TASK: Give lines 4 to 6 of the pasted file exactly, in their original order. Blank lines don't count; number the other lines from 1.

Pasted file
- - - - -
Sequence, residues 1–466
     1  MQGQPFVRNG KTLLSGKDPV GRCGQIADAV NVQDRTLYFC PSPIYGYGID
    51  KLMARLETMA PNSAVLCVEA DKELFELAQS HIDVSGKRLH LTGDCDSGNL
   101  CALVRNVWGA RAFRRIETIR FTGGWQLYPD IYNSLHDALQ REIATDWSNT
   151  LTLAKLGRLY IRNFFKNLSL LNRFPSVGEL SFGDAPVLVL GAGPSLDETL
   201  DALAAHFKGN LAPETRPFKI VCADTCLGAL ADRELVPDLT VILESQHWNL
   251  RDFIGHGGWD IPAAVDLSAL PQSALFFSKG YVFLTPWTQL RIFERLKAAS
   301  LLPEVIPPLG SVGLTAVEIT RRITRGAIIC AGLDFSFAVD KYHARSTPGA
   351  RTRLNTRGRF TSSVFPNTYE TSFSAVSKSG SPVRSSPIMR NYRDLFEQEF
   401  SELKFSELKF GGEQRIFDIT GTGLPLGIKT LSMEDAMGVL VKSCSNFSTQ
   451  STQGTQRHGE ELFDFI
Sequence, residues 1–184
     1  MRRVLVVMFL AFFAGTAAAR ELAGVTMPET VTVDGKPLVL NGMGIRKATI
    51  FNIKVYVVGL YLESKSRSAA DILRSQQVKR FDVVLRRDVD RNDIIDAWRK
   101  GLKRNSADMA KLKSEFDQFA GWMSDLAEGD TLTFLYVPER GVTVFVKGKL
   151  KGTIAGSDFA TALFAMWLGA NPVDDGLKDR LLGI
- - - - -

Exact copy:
   101  CALVRNVWGA RAFRRIETIR FTGGWQLYPD IYNSLHDALQ REIATDWSNT
   151  LTLAKLGRLY IRNFFKNLSL LNRFPSVGEL SFGDAPVLVL GAGPSLDETL
   201  DALAAHFKGN LAPETRPFKI VCADTCLGAL ADRELVPDLT VILESQHWNL